Rabbits, like guinea pigs, ferrets and cats, don’t really need baths. Their skins are already dry and washing regularly will make their skin even more dry, which would be very uncomfortable for them.
Rabbits are clean animals by nature. They groom themselves pretty often. Besides regular brushing to prevent hairball formation, house rabbits would not normally require frequent bathing. However, some owners, particularly those who have sensitive sense of smell or those who intend to show their pets, may want to bathe their rabbits more regularly.
Can I Give My Rabbit a Bath?
Yes, but only if it’s really necessary.
Rabbits have their own version of bathing. They often lick their fur the way a cat would. So you would really need not to give your pet a bath that often. Moreover, bunnies have extremely fine, dense fur and it would take quite a long time to dry out on its own. So whenever your rabbit gets wet, he must be dried off as soon as you can. However, your beloved pet is also extremely sensitive to heat, and using a hot blow dryer may cause some serious problems.
But if there comes a time that bathing would be really necessary then you have to be extra careful.
Bathe your pet with a partner as much as possible. Most rabbits don’t want to take a bath. You would need someone to assist you to ensure that your rabbit remains safe in case he panics or reacts violently. Your partner should hold the rabbit in place so he won’t slip and slide around, while you focus on bathing your pet using an old washcloth or soft brush. Remember to use plain water.
For serious rabbit mess you may have to bathe him in a small sink with lukewarm water. A regular bathtub is not recommended as the large size and slippery surface might cause your pet to panic. Besides, the tall sides of a bathtub will prevent you from holding the bunny securely.
Do not, at all cost, immerse the entire rabbit in water. The suggested water level should lower than his belly. Let you pet stand on hind feet as you support his upper body from the front. Wait until your rabbit is comfortable with the water. Then you can use a cup to soak and rinse his body.
Remember to rinse your pet thoroughly. It is important to rinse all the shampoo out of your bunny’s coat as he might ingest the shampoo chemicals when he licks his fur. Never use shampoos that are meant for humans. Even baby shampoos can harm your pet’s much sensitive skin. Only use quality shampoos specially formulated for rabbits or cats.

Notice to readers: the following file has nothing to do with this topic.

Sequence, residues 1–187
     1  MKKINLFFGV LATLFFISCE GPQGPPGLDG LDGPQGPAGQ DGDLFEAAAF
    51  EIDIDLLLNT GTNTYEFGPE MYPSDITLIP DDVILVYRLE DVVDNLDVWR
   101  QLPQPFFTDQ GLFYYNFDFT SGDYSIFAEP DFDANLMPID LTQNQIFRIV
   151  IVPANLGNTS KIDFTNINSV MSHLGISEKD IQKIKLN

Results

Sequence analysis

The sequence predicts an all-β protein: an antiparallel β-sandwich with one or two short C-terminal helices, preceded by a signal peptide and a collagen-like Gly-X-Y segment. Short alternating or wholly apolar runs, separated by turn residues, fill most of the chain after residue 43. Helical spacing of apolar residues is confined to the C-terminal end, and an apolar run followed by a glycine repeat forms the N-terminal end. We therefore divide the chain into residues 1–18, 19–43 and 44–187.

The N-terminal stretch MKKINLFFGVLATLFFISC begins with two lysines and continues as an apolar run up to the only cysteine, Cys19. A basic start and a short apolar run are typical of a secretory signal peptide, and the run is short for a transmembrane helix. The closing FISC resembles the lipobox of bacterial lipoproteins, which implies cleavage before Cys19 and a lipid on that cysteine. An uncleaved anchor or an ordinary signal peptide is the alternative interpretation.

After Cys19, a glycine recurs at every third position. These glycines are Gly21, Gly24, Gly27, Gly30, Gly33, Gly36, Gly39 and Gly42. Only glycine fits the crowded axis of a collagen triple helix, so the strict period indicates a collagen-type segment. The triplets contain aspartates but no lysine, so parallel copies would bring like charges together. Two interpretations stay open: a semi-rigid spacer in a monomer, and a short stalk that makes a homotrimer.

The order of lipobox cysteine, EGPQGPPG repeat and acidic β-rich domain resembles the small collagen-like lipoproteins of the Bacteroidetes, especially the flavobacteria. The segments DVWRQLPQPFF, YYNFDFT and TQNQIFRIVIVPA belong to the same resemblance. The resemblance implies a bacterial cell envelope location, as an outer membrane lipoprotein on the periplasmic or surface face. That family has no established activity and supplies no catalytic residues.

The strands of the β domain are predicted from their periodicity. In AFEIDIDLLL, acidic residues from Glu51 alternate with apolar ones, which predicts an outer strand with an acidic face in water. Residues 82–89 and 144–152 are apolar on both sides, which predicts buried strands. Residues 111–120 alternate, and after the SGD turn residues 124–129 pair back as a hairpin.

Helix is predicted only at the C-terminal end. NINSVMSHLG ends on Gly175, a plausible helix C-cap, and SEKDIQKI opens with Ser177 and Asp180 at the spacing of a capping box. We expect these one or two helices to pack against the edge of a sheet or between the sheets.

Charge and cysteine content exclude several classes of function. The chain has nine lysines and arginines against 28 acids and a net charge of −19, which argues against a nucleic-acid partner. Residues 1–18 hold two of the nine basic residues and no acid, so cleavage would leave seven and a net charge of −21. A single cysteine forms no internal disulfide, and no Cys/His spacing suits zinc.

You should consider trimming your rabbit’s nails. It is important to check your pet’s nails at least once a week. Rabbits have sensitive skin, and clipping his nails will ensure that he won’t injure himself or hurt anybody with his long, sharp nails.
Also clean your bunny’s ears regularly. You can use some ear cleaning solutions that are available in pet stores. Such solution will help dissolve wax build up. Ensure to clean his ears carefully yet thoroughly.
Flea baths however, are not recommended unless your pet is still living in an infected area or with other animals with fleas. More importantly, flea baths should only be administered by a veterinarian.
In drying your rabbit, using a towel is much preferred than a hair dryer. The dryers can be dangerous if not used properly. It can burn your pet or stress him out and put him into shock. If ever you’ll need to use a hair dryer, ensure to only use the basic settings – just warm and not hot. Also, the dryer must be at least 12 to 15 inches away from your bunny.
Keeping your rabbit’s cage clean is likewise essential. Proper hygiene is not just about giving him baths or brushing his fur. Maintaining a clean habitat is also part of it. Regularly clean the litter box as the urine of a rabbit usually has a very strong odor.
And since your pet’s urine has a strong odor, do not forget to clean his genital scent glands as well. Ensure to keep his genital glands clean and fresh to prevent any prevent infections. Thoroughly clean the genital glands particularly if you see urine scalding.
Caring for your beloved rabbit entails knowing the proper hygiene procedures for him. Bathe your bunny only when really necessary to ensure a happy, healthy and safe pet.Google+